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Executive Concern about Employee Generated Video Content

Uploading Questionable Videos is a Matter of Ethics

I often receive reports of advances in technology and social media innovations. Typically, I read them and that is it. However, I was sent information by Qumu, a leading business video platform provider, that I believe is well worth sharing with my readers.

Last week, Qumu  announced the results of its April 2012 Business Video Behavior Project, which looked at the topic of Employee Generated Content (EGC) in the enterprise.  In a survey of 240 managers and executives across a variety of disciplines, Qumu found that more than half of them (51.2%) are concerned that employees will upload irresponsible content to the company network, and 12% of executives even admit they worry about employees uploading embarrassing videos of them from company parties.

However, executives also report that the videos being uploaded to their networks are more effective than ever before.  In fact, the study found that 100% of them have never seen an inappropriate video uploaded to the company network, and the top comments executives made about the employee generated videos they have seen are that they have been useful (38.2%) and appropriate (35.3%). 

In addition to executive concern, the study looked at who produces the most interesting employee generated content, whether or not these videos make workers more productive and what the future demand for EGC will be.  The survey reveals that coworker videos are the most attention-grabbing.  When asked who produces the most interesting corporate videos, coworkers topped the list at 45.5%. However, CEOs produce the highest volume of videos (51.4% vs. 13.5%).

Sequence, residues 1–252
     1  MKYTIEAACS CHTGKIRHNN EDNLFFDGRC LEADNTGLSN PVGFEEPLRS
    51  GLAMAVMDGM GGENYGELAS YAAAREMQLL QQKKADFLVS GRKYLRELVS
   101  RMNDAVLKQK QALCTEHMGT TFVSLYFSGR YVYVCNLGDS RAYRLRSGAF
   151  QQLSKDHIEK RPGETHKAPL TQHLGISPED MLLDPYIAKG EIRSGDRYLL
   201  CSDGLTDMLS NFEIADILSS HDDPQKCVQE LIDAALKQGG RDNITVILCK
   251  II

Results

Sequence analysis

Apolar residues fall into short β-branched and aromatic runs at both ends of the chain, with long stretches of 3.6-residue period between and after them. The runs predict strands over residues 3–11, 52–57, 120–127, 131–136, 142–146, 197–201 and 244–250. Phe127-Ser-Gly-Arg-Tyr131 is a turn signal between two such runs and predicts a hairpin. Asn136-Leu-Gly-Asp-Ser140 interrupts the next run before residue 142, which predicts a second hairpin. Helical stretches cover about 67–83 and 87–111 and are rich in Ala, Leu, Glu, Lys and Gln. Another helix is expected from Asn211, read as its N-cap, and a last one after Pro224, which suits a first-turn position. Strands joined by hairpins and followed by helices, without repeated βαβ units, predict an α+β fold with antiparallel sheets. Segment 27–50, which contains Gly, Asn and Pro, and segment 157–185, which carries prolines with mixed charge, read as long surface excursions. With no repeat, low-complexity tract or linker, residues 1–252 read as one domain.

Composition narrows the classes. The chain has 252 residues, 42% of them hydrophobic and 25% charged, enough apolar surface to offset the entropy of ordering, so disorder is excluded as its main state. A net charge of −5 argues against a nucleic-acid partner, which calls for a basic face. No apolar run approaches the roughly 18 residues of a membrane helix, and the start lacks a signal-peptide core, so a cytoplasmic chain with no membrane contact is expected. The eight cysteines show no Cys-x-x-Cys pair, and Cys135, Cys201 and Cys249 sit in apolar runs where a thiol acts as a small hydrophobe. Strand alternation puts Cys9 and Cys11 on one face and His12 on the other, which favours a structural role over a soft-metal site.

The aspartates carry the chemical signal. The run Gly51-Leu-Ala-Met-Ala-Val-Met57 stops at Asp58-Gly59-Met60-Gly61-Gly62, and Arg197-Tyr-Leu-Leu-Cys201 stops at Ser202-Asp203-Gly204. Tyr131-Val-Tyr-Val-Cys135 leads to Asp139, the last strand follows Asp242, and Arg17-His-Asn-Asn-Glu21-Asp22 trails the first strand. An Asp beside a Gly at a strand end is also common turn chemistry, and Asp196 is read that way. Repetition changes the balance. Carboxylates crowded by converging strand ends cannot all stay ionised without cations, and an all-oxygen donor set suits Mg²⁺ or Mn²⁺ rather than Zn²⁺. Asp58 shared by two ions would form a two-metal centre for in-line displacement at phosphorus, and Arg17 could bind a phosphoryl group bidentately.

A majority (73%) of workers feel employee-generated videos have increased their productivity to some degree, and 81.4% of executives believe demand for such videos will only continue to increase. When asked what types of videos employees have been generating most often, how-to videos came out on top with more than three quarters of executives (75.8%) saying they are the most common, followed by:

·         Communication from management (48.5%);

·         Town hall meetings (42.4%)

In fact, one of the most common use cases for how-to videos comes from customer service department personnel creating how-to videos. “By 2015, how-to customer service videos will be an essential part of Web customer service strategies, said Johan Jacobs, Gartner Analyst (Get More Value From Your 'How to' Customer Service Video Knowledge).

The results of the study demonstrate that employee-generated content is having a positive social and productive effect on the enterprise, said Ray Hood, Senior Vice President and General Manager at Qumu.  Qumu provides the opportunity for employers to better control the way video is shared, organized and distributed to employees.  The company provides automatic transcoding and an approval process prior to publishing that ensures corporate standards are upheld, as well as reports that show what videos employees are watching. 

My main concern is the content of the videos. Inappropriate video content threatens to infect the workplace environment and spread like a cancer. It is up to top management to monitor the content of videos and exercise judgment as to what should and should not be allowed for downloading purposes. It is a matter of ethics how an organization deals with these issues. It also sets the tone for other behavior within the organization. The use of employee-generated videos may be of greater concern than those made by executives. It is up to the executives to set a high moral tone and carefully monitor video content.

Blog posted by Steven Mintz, aka Ethics Sage, on April 13, 2012